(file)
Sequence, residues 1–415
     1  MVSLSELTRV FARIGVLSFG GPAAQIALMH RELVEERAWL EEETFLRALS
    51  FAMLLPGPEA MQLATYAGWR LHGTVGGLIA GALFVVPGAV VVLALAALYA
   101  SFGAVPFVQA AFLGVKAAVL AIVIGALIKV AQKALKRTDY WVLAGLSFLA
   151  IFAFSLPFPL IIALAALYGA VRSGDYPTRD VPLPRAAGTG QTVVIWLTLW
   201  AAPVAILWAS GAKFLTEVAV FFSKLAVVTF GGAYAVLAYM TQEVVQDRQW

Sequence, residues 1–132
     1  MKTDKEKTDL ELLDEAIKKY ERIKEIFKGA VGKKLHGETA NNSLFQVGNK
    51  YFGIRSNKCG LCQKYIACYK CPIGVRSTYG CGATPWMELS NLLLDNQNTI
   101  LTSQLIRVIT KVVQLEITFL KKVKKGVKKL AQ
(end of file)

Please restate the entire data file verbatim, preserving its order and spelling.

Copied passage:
Sequence, residues 1–415
     1  MVSLSELTRV FARIGVLSFG GPAAQIALMH RELVEERAWL EEETFLRALS
    51  FAMLLPGPEA MQLATYAGWR LHGTVGGLIA GALFVVPGAV VVLALAALYA
   101  SFGAVPFVQA AFLGVKAAVL AIVIGALIKV AQKALKRTDY WVLAGLSFLA
   151  IFAFSLPFPL IIALAALYGA VRSGDYPTRD VPLPRAAGTG QTVVIWLTLW
   201  AAPVAILWAS GAKFLTEVAV FFSKLAVVTF GGAYAVLAYM TQEVVQDRQW

Sequence, residues 1–132
     1  MKTDKEKTDL ELLDEAIKKY ERIKEIFKGA VGKKLHGETA NNSLFQVGNK
    51  YFGIRSNKCG LCQKYIACYK CPIGVRSTYG CGATPWMELS NLLLDNQNTI
   101  LTSQLIRVIT KVVQLEITFL KKVKKGVKKL AQ